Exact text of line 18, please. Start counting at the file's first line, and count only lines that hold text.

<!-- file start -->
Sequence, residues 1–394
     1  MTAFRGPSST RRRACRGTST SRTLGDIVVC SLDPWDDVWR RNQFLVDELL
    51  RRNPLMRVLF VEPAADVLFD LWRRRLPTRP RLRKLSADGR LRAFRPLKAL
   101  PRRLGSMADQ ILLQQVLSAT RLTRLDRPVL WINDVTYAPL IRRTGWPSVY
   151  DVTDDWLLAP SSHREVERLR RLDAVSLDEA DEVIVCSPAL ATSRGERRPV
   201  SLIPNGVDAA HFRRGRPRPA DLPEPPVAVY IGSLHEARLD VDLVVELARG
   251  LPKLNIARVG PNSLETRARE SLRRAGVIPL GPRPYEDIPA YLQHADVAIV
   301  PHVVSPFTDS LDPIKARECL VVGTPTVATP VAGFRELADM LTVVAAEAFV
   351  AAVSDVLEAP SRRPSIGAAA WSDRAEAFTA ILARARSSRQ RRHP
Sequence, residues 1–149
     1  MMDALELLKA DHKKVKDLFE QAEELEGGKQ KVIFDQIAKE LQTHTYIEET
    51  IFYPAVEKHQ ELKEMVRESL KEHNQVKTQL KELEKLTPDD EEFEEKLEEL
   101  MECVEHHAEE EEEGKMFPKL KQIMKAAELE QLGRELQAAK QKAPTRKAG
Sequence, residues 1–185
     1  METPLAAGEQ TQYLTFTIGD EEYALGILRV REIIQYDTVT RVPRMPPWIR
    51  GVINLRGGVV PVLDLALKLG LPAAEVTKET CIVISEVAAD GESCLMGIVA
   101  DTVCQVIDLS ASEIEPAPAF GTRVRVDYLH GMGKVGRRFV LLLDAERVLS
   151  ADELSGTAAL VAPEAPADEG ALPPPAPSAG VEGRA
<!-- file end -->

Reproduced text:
   151  ADELSGTAAL VAPEAPADEG ALPPPAPSAG VEGRA